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Friday, January 8, 2016

X-amining X-Factor #66

"Heroic Effort"
May 1991

In a Nutshell 
Ship is destroyed as Askani arrives to protect Cyclops' son.

Plot: Jim Lee & Whilce Portacio
Script: Chris Claremont
Penciler: Whilce Portacio
Inker: Art Thibert
Letterer: Pat Brosseau
Colorist: Oliver/Buccellato
Editor: Bob Harras
Editor-in-Chief: Tom DeFalco

Plot
An out-of-control Ship is attacking New York, with the city's heroes fighting back to protect the inhabitants. Inside, Jean realizes that Ship is infected with some kind of virus, just before Harrddrive knocks her out. Meanwhile, Foxbat attempts to abduct Cyclops' son, but he's stopped by a mysterious woman who claims to be the child's protector. However, when X-Factor arrives, alerted to the attack by Ship, they misunderstand and attack the woman, allowing Foxbat to teleport away with Christopher. With Ship's attacks intensifying, Beast insists they need to treat the disease, not just the symptoms. Outside, Charlotte Jones and a group of cops try to enter Ship, but only Charlotte gains access. Meanwhile, Beast is able to access Ship's program through a hard wire linkage, and they deduce that the infection is the work of Apocalypse.


Unwilling to be his slave once more, Ship launches into the sky, determined to blow himself up. Cyclops argues that doing so is just giving Apocalypse what he wants, but Ship is unable to stop the self-destruct process, and Cyclops tells Beast to find a way for all of them, including Ship, to survive. As the rest of the team fight back against the metal tendrils caused by the infection, Beast and Ship race to find a way to save everyone, until time expires, and Ship explodes. From the city below, the mysterious woman watches the explosion, lamenting the loss of X-Factor, before vowing to save Christopher from Apocalypse, no matter the cost.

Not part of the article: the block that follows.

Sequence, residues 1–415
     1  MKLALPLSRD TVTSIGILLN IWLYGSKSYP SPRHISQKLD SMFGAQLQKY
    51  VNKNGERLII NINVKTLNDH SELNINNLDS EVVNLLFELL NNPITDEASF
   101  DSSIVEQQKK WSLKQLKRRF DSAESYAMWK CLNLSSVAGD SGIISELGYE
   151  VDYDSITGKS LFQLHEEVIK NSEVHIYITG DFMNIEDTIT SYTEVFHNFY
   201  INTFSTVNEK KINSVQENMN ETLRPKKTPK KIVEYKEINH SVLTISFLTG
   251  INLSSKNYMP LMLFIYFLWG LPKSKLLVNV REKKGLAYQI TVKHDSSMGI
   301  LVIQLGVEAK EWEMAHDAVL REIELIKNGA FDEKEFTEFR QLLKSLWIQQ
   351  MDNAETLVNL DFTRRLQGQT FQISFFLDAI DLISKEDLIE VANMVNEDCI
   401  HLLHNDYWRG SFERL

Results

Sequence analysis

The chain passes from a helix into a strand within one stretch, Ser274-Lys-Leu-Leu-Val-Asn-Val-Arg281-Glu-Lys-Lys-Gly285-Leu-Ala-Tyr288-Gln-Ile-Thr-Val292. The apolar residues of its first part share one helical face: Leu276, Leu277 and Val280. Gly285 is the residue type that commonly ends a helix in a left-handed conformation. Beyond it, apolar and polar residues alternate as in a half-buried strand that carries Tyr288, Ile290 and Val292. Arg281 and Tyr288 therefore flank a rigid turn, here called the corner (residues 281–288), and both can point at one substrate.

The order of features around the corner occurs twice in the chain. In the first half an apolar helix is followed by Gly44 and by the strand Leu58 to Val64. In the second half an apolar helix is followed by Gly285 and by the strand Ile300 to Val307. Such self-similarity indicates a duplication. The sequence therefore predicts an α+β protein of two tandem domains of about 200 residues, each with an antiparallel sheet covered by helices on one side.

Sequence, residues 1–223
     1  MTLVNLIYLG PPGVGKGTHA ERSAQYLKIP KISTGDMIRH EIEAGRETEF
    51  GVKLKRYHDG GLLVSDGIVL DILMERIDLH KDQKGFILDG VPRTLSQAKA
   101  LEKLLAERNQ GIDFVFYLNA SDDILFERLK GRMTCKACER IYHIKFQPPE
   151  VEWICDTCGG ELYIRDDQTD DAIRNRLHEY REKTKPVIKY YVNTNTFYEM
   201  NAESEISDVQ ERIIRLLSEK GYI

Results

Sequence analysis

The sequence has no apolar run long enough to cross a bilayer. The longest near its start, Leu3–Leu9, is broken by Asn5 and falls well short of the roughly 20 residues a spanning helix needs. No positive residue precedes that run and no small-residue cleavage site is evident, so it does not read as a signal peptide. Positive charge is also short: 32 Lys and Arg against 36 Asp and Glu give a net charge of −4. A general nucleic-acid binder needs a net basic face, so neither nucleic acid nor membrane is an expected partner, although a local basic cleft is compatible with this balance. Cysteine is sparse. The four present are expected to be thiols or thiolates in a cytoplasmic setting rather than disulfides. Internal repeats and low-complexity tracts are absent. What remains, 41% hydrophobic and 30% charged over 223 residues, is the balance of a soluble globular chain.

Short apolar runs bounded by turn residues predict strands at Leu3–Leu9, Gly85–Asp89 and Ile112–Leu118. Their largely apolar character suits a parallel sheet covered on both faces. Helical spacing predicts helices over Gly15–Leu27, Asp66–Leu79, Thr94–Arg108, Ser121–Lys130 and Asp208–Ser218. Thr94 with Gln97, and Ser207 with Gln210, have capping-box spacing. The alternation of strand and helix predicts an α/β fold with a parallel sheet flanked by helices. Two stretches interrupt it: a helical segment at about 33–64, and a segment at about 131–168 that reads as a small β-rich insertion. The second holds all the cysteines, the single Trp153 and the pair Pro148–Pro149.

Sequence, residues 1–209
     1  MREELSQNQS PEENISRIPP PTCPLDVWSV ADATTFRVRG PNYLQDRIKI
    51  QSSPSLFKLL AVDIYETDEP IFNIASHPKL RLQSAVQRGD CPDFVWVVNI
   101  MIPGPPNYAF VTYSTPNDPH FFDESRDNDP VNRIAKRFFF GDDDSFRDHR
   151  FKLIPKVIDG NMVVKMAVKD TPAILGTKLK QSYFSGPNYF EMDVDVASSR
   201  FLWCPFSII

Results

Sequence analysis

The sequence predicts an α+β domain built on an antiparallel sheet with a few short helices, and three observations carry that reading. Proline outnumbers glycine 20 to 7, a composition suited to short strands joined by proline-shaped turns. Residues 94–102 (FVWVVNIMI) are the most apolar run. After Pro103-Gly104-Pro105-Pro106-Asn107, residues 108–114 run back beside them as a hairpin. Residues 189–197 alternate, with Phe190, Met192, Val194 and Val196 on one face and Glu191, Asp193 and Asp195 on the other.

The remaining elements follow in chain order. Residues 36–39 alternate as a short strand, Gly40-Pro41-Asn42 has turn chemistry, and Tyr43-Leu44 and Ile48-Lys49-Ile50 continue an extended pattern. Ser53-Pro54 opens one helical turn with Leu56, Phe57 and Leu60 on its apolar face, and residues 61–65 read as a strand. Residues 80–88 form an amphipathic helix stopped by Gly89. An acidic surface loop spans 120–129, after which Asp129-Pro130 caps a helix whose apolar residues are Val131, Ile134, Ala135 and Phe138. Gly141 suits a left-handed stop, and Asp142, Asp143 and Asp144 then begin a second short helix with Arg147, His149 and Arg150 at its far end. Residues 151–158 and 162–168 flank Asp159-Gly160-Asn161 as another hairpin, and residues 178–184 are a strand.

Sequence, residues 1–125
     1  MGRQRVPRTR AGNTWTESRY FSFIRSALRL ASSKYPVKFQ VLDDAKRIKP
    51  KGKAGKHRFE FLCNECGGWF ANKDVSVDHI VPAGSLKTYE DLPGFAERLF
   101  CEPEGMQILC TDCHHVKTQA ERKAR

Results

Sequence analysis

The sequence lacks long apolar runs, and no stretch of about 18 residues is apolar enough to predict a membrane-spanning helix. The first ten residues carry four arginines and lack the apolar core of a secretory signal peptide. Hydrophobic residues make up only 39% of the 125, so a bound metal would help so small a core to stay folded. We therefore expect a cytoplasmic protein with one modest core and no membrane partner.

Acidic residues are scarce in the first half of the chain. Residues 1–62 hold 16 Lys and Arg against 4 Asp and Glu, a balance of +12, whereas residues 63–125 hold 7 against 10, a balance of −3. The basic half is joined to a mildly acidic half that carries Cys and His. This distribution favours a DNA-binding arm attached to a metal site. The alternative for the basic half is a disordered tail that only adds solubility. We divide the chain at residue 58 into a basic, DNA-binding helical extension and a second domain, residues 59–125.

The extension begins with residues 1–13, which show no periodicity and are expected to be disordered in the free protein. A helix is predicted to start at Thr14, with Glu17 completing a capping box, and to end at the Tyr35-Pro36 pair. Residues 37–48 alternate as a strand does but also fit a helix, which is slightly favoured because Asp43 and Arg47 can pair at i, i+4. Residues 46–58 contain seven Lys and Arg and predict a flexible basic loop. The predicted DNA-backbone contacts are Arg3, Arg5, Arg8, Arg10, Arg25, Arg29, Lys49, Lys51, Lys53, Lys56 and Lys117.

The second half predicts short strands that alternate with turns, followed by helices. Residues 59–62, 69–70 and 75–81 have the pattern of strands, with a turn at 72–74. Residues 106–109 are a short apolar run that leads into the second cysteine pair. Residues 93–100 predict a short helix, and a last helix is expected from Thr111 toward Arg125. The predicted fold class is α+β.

Firsts and Other Notables
Ship is destroyed this issue, shortly after he launches himself into space in order to prevent being enslaved once more by Apocalypse, thus ending his tenure as X-Factor's headquarters. However, next issue will reveal that Ship's program temporarily survived the physical destruction of his form, and later stories will bring him back in various forms, to varying degrees.


This issue marks the first appearance of Askani (unnamed in this issue). Presented in this story as a singular individual by that name sent from the future into the past to protect Cyclops' son from Apocalypse, later stories will established that "Askani" is actually the name of a cult of warrior women from the distant future tasked with protecting and raising Cyclops' son into Cable, and that the woman here is but one of their number.

Here, Askani says that Christopher is destined to lead his people against the foe who savaged our father, which more or less fits with the later revelations that Cable is destined to defeat Apocalypse once and for all. She also refers to Christopher as "little brother" implying a blood relation, though this is later confirmed to be merely a metaphoric relationship and not a blood one. Like Cable, Askani appears to have a bionic eye (though's Cable's eye is later attributed to the techno-organic virus his younger self will soon become infected with).


However, even later in the evolution of Cable's backstory and the Askani, it's revealed that the Askani itself is founded by Rachel Summers, who will eventually be flung into Cable's future, eventually becoming known as "Mother Askani". In what is surely just a coincidence, Askani in this issue has a facial tattoo that's not unlike the Phoenix symbol, and her oath of choice is "Bright Lady", a reference to the Phoenix-empowered Rachel that will later be used by Cable as well.